What is the significance of the fourth stanza?

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In the earlier stanzas, the speaker has described the scenes of beauty on the urn, the young lovers and beautiful natural features. He assures the young man on the urn that, though he will never get the kiss for which he longs, his lover's beauty will never fade and their love will never age or wither. In the fourth stanza, however, the speaker considers the town from which all of these people have come, the town which has been "emptied of this folk, this pious morn." He realizes that those streets will be silent and empty forever, now, because all of the people have come here, and they will never be able to return home. In other words, while this scene of beauty and joy exists, another scene of desolation and apparent sadness has been created, invisibly, elsewhere. This draws attention to one of the poem's main ideas: that true beauty lies in what is fleeting and ephemeral; death and mortality lend importance and beauty to people and scenes. It is the desolate town that lends greater beauty to the scene of delight; we cannot fully enjoy the feelings associated with one without understand, by experience, the feelings produced by the other.

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The fourth stanza can be thought of in terms of a volta, a change in tone or mood. The first three stanzas reflect the happy emotions of the speaker; he is entranced by the urn's beauty and the depictions of joyous emotions captured forever in a collection of scenes that will never change. Images of growth, fertility and sexual attraction are forever preserved. However, at stanza four, the speaker's mood shifts. He describes a scene of animal sacrifice for a religious rite that has brought everyone out of their homes and left the town desolate. He is disturbed at the thought of this eternal scene, and his thoughts darken as he begins to understand that the urn and its scenes will be eternal and that others will replace him in regarding it. The speaker realizes that unlike the urn, he will not be immortal, and he finds the thought sobering.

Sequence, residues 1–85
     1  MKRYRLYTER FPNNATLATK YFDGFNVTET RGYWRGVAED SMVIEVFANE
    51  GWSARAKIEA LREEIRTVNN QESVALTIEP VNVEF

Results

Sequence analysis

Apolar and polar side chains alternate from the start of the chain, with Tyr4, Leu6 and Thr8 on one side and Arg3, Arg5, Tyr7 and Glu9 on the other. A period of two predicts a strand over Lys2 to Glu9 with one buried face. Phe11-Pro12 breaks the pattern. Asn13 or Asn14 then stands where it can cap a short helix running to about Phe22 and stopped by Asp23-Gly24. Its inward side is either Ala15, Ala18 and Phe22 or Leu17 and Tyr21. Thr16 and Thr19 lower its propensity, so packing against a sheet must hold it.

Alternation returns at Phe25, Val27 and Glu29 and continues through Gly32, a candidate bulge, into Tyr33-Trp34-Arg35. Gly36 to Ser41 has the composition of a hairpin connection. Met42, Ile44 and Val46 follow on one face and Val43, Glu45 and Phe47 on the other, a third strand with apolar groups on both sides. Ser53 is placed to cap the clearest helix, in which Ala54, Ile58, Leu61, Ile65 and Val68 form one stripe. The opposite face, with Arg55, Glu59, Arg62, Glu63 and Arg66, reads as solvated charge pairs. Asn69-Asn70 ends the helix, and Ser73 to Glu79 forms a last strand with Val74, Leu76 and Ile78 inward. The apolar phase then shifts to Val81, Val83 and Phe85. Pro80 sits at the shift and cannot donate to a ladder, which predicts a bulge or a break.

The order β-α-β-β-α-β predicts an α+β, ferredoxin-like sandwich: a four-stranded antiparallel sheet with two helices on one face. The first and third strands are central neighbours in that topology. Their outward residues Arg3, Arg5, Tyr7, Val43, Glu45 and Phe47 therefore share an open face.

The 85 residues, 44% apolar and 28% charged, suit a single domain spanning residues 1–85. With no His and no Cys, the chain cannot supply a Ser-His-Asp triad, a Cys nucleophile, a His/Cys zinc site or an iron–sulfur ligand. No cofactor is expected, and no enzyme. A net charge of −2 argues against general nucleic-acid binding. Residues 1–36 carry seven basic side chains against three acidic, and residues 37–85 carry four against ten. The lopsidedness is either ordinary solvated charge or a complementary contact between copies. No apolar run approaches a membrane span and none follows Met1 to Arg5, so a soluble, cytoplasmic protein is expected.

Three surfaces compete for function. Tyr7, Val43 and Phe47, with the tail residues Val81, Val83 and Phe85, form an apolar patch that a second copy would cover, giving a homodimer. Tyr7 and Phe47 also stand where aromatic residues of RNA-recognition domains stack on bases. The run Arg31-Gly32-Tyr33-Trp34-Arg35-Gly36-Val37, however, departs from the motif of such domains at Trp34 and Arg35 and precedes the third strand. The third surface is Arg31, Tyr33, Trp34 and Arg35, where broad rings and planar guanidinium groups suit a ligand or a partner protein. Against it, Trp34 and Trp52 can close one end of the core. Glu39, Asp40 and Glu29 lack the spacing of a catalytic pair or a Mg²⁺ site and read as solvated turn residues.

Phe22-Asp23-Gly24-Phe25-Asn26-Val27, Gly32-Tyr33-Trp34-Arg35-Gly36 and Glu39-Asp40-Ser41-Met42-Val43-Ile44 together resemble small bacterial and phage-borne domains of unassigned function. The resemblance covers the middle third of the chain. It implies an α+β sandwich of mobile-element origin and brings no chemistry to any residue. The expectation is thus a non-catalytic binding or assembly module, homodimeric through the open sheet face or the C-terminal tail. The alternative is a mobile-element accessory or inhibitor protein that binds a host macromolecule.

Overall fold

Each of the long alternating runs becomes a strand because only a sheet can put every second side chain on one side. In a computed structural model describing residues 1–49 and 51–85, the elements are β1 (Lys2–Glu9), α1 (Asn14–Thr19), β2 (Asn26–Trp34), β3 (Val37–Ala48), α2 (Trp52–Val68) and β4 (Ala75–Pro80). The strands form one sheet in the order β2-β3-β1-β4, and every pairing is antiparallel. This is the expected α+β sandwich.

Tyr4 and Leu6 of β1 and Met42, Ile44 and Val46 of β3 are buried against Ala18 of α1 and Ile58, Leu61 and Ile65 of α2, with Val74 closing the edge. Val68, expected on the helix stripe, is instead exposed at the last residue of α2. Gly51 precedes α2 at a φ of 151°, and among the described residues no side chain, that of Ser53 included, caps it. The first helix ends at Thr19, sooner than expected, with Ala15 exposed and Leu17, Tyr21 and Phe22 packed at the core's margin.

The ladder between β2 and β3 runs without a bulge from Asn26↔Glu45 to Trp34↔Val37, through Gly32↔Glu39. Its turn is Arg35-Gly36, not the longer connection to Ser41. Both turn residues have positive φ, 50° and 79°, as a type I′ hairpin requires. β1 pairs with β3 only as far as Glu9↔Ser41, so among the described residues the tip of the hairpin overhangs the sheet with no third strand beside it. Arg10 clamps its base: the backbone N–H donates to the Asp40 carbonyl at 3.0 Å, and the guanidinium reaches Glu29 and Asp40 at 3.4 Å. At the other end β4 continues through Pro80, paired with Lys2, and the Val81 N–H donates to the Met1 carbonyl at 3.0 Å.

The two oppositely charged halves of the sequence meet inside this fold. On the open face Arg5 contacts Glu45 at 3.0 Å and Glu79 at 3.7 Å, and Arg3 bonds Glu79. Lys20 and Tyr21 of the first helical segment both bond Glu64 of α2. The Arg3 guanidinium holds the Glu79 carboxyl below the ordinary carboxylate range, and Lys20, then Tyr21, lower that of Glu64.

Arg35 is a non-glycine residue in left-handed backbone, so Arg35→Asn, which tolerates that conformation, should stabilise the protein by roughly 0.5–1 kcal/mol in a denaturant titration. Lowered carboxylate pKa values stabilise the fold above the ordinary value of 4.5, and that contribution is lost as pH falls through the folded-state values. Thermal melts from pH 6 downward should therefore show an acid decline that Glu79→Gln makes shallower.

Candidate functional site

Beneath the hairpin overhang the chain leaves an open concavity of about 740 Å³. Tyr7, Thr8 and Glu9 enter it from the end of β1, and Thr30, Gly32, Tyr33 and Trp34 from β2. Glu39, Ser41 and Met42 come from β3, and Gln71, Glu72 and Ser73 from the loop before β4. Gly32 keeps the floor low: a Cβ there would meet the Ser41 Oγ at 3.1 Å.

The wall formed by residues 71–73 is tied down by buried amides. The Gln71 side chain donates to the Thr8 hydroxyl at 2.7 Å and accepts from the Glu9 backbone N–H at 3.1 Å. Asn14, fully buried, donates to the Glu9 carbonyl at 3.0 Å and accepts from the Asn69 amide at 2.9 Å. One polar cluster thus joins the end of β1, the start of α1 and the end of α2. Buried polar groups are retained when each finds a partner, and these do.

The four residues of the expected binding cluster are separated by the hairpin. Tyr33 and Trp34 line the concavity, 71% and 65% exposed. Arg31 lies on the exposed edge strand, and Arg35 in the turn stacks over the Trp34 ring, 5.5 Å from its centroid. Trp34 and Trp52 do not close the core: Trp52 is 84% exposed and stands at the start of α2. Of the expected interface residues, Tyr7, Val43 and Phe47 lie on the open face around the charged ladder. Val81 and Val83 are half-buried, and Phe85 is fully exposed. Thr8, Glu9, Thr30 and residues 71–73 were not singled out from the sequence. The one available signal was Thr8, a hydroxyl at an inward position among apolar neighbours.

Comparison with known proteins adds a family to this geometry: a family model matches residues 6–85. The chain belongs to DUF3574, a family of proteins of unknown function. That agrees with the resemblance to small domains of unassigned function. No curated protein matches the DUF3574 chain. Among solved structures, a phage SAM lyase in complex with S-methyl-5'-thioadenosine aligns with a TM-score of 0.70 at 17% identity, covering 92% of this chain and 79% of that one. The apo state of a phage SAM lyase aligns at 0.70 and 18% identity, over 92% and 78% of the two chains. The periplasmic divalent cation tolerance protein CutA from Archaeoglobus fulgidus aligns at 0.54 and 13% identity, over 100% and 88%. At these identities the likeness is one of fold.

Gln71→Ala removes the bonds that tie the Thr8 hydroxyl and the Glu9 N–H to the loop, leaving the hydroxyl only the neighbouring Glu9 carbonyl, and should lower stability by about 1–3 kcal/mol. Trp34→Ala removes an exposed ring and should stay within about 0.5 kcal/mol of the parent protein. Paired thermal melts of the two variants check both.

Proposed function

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Critics find it hard to agree on exactly what Keats is describing in "Ode on a Grecian Urn." Some suggest that stanza 4 is a digression away from the urn he is either imagining or recalling. The reason for this analysis is that stanza 1 mentions the bride ("unravish'd bride") and stanza 2 mentions the groom as "Bold Lover" with "More happy love!" in stanza 3, yet stanza 4 talks about a "sacrifice" and a "desolate" town. Still, the logic of a Grecian wedding supports a sacrifice processional and an empty town just as the logic of an urn supports the appearance of a complex scene that would include all the variables questioned by the poet in stanza 1.

The seeming digression in stanza 4 logically reflects back to the wedding because the townspeople would be among the wedding guests and would represent the musicians, some of the "men," and the "maidens loth" [archaic for "loath"] in stanzas 1 through 3. Grecian weddings of necessity required acknowledgement of the gods, especially of Hymen, the Greek god of weddings, and perhaps also Hera, the goddess of marriage and family. A wedding might also honor the town's local deity. A procession, including a sacrificial animal, going from a town to a sacrifice in honor of Hymen on the occasion of a wedding would logically adorn an urn commemorating the event. Seen in this light, stanza 4 is not a digression but another part of the wedding celebration recorded on the urn.

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